Wednesday, February 6, 2008

Of Ferries, Estonians, and Exchange students



Well, I have been keeping myself fairly busy, which is why I have not been able to post for over a week. It seems like every day I have some kind of dinner or event that I am going to. But I am enjoying it, because I am able to meet new people and feel like I am involved in things. I have met several new people in my Swedish history class, including a guy from England and a guy from Turkey. On Thursday of last week we went to a place called Gamla Uppsala where there are mounds from Viking times, at one point there were over 200 mounds in one place. Below is a picture of one of the mounds. The museum had a variety of interesting artifacts that they had pulled from the tomb as well.









There was also an old church right next to the burial mound area. It actually had been one of the main churches in Uppsala, built around the 12th century or so. But a fire destroyed much of the church. However the part that remains is preserved remarkably well and appeared to be only slightly changed from the 12th century. It was very interesting to go in. Below is a picture of the church








Last Wednesday there was a welcoming reception for the exchange students in the University Main building, which is a very nice building. We were able to go inside a big auditorium that was nicely decorated, and then we went to a reception room where there was a lot of paintings and things and we listened to a welcoming speech given by the Vice Chancellor. The reception was okay, but the most exciting part was what happened afterwards.






As I was going out of the building, I met the English guy who was with some students from Singapore. I started walking with them, and found out they were going to eat at this place called Pinnochio's Pizza. I also heard them talking about a trip they were going to take to Lapland and a place called Abisko mountain station. They were going to Pinnochio's Pizza to discuss what they were going to do for the trip. So I decided to go, and so within half an hour I had signed up for a trip to Lapland from February 21-25. It was quite interesting the way things worked out, but that is what I enjoy so much about being an international student. I have an immediate connection with every other international student. So the Lapland trip will be my next big adventure, and I am hoping to visit the Ice Hotel, go dogsledding, and do a variety of other things. It will be somewhat expensive, but I think that it will be worth it.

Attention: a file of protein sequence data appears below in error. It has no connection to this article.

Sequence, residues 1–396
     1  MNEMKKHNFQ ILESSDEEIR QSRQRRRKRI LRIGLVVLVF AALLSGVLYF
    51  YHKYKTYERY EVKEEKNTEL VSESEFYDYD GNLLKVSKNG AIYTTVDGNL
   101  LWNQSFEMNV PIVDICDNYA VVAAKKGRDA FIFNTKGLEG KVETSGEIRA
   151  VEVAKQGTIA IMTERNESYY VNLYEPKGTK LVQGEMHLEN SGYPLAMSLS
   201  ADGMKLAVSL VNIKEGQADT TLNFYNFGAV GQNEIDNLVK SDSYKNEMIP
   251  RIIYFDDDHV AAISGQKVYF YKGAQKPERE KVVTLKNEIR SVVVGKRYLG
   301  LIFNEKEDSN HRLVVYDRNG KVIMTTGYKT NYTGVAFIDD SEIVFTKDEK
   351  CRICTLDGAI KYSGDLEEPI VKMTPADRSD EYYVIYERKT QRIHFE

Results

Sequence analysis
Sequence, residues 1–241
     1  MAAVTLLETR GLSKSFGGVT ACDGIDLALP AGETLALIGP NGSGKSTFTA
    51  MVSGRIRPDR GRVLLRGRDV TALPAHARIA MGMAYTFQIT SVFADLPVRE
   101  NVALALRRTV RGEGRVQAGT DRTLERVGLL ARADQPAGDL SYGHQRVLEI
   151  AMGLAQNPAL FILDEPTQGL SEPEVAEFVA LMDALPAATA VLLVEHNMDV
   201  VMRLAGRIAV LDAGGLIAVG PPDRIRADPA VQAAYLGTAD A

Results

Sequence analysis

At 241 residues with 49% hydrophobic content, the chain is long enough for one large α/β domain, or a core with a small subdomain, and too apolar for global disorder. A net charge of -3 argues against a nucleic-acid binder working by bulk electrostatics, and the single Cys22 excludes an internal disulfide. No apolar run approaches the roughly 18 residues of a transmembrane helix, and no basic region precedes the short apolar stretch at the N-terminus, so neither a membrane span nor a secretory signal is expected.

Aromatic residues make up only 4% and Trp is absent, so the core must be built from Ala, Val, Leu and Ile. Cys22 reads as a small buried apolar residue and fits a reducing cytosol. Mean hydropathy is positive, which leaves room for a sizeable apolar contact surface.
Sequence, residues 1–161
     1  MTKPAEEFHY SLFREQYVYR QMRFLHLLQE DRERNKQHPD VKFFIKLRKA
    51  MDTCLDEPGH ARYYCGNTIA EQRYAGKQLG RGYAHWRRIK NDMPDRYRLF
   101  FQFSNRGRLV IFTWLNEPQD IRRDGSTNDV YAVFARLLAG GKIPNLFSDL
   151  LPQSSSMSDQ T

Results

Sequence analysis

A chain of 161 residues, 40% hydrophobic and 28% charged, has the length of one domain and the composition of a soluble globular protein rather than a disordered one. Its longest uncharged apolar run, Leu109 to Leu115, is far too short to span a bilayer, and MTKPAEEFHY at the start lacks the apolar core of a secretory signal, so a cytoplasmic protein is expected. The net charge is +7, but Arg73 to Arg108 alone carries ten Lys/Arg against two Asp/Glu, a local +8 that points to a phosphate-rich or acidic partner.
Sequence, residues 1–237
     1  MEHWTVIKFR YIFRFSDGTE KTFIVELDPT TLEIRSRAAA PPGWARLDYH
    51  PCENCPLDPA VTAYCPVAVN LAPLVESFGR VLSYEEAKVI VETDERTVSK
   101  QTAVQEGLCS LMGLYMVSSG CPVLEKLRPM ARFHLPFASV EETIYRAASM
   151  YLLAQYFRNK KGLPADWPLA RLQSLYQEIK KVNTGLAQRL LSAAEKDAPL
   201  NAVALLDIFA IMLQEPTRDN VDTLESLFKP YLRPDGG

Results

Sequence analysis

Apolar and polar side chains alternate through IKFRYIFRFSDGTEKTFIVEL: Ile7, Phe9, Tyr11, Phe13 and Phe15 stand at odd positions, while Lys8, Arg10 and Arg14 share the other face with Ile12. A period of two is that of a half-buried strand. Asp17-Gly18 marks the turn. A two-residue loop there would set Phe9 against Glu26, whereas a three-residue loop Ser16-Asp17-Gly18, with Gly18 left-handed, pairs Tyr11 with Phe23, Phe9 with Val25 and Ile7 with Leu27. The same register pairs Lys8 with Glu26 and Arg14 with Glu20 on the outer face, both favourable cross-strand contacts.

Well, now on to my trip to Tallinn, the capital of Estonia. It is a small town of approximately 400,000 people. But the old town had a nice medieval feel to it. So on Friday I and three other students took a train to Stockholm where we went on the ferry. There were a lot of other exchange students on the ferry as well. The ferry was a cruise ferry, so it had a pub, and a casino/stage, and a disco, and a restaurant where they charged ridiculous prices for food, and finally, a tax free store. In face a lot of people take this ferry because they are able to buy beer for significantly cheaper prices than in Sweden. Some people were a bit drunk, but it wasn't too bad. Fortunately my roommates were quiet.







The picture above shows the ferry I was on. The town was very nice. I wandered around with five other exchange students. The old town had a nice medieval feel to it. There were a variety of interesting shops and museums. Part of the old wall had been preserved. All the streets were cobblestone, some were narrow, so it was nice to walk around some.